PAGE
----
Graham number stock screener

Filter through the stock data

Now that you have all of the Graham number data and conditional formatting in place, you can filter through the stock data to find potential opportunities. Look for stocks with Graham numbers lower than their current price – these are considered to be undervalued, as well as those with Graham numbers significantly lower than their peers – these may be mispriced and could offer a good investment opportunity. You can use data filters to help you find these opportunities quicker.

Excel stock screener

Once you've identified potential stocks, take the time to do further research on each one and make an informed decision before investing. You can also use other metrics, such as the price-to-earnings ratio (P/E) or the dividend yield, to help refine your stock picks.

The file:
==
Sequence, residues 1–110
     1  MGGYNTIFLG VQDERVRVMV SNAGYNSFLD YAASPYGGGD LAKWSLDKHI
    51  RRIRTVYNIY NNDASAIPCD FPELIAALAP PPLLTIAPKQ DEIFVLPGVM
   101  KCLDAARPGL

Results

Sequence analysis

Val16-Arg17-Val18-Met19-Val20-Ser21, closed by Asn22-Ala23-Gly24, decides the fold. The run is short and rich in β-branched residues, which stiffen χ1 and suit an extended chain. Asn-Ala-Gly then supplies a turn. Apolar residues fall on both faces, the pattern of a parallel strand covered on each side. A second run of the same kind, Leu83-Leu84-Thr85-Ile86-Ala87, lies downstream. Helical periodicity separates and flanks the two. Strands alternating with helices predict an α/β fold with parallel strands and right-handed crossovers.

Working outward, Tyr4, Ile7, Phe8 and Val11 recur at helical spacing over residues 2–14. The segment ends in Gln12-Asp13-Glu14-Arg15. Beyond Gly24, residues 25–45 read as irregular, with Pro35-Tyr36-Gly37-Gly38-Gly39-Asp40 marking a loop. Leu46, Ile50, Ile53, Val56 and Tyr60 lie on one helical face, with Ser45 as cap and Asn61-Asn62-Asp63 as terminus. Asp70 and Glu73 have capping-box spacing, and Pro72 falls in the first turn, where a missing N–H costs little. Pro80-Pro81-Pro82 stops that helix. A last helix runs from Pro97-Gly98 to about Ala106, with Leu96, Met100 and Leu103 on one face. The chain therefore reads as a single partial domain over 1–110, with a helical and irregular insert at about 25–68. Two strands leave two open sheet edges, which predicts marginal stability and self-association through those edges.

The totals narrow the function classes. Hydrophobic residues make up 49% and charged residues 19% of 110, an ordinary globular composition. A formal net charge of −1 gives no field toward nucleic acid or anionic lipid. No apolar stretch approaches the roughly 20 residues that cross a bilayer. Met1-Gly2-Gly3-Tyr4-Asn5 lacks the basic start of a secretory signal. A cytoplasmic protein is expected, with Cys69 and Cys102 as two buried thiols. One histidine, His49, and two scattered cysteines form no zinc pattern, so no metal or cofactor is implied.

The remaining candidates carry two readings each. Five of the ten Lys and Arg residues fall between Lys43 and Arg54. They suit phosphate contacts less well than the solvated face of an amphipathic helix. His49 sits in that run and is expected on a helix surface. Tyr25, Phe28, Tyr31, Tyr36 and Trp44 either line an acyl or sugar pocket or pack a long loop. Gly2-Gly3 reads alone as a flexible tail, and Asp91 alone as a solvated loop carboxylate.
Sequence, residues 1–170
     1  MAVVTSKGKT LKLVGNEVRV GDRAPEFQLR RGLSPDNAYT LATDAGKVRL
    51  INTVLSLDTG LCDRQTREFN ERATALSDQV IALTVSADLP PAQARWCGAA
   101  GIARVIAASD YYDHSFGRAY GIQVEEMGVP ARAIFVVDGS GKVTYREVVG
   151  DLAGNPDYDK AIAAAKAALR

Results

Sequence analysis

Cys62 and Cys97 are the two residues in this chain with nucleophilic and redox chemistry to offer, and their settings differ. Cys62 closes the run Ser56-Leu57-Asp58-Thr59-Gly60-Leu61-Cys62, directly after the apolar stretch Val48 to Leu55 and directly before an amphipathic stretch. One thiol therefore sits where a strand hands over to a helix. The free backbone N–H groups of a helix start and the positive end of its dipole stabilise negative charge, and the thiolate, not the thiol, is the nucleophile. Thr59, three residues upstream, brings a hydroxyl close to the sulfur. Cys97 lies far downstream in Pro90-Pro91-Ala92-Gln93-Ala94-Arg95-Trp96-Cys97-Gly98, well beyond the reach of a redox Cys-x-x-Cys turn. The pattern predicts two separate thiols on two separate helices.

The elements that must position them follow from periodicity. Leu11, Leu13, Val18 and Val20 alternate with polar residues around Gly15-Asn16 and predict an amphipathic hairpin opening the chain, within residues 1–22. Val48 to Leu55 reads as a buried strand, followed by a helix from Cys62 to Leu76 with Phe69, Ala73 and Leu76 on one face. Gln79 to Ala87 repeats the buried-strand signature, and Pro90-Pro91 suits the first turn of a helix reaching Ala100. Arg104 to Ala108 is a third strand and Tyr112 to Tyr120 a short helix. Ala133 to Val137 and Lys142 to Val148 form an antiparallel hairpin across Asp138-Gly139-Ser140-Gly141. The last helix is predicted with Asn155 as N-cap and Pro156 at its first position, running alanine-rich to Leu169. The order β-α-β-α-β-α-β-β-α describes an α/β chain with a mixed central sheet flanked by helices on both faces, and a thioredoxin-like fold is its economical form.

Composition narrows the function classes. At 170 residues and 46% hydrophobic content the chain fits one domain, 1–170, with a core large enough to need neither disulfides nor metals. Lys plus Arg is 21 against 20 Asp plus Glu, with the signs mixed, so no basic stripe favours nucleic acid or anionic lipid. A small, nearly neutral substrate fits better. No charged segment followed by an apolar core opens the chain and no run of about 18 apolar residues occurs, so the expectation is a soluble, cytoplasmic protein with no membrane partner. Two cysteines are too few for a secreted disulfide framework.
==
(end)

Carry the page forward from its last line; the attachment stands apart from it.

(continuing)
Tips for improving your stock screening results 

  • Ensure your Graham number stock screener is always up to date by regularly refreshing the data.
  • Be aware of potential outliers or stocks that may be mispriced due to market anomalies.
  • Use additional metrics such as P/E or dividend yield to help refine your screening results.
  • Don't rely solely on Graham numbers – make sure to do extra research before investing.
  • Take your time and don't rush decisions – invest in stocks you understand and are confident in.

By following these steps, you can easily create a Graham number stock screener for Excel or Google Sheets and start screening stocks for potential opportunities. Be sure to take the time to do further research on each stock before investing, and remember that Graham numbers are just one of many metrics you should consider when evaluating a stock.

Conclusion